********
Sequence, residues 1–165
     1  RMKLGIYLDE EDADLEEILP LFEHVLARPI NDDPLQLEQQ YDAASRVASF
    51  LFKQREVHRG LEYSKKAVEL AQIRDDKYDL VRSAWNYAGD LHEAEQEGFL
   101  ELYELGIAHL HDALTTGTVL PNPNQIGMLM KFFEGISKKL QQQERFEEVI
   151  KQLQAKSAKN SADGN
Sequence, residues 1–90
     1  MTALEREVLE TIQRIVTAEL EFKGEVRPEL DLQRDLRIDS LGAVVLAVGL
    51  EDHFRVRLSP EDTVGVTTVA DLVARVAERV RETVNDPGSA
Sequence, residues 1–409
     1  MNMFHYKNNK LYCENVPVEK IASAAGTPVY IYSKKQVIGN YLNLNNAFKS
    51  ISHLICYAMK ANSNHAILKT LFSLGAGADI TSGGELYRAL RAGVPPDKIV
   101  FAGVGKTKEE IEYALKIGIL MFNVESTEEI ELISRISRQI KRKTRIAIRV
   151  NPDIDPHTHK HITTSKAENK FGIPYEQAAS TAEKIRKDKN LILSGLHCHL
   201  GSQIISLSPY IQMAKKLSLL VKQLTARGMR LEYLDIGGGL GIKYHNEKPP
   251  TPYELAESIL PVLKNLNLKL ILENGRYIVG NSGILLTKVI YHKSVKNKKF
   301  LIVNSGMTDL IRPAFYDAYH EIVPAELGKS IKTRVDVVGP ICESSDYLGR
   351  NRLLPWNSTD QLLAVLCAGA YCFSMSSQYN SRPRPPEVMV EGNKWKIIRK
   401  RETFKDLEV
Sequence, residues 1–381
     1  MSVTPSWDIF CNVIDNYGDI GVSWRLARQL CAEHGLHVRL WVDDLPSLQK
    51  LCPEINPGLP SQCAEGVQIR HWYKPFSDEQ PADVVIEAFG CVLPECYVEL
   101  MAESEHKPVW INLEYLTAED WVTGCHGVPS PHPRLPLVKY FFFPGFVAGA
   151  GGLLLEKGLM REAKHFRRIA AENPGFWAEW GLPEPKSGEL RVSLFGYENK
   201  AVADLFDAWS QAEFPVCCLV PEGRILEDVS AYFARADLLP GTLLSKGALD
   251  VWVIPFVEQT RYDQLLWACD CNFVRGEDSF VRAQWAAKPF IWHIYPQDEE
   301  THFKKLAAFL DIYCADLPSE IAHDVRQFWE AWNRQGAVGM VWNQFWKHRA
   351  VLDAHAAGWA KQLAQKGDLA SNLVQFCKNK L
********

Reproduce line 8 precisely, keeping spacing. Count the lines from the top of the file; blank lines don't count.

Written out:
    51  EDHFRVRLSP EDTVGVTTVA DLVARVAERV RETVNDPGSA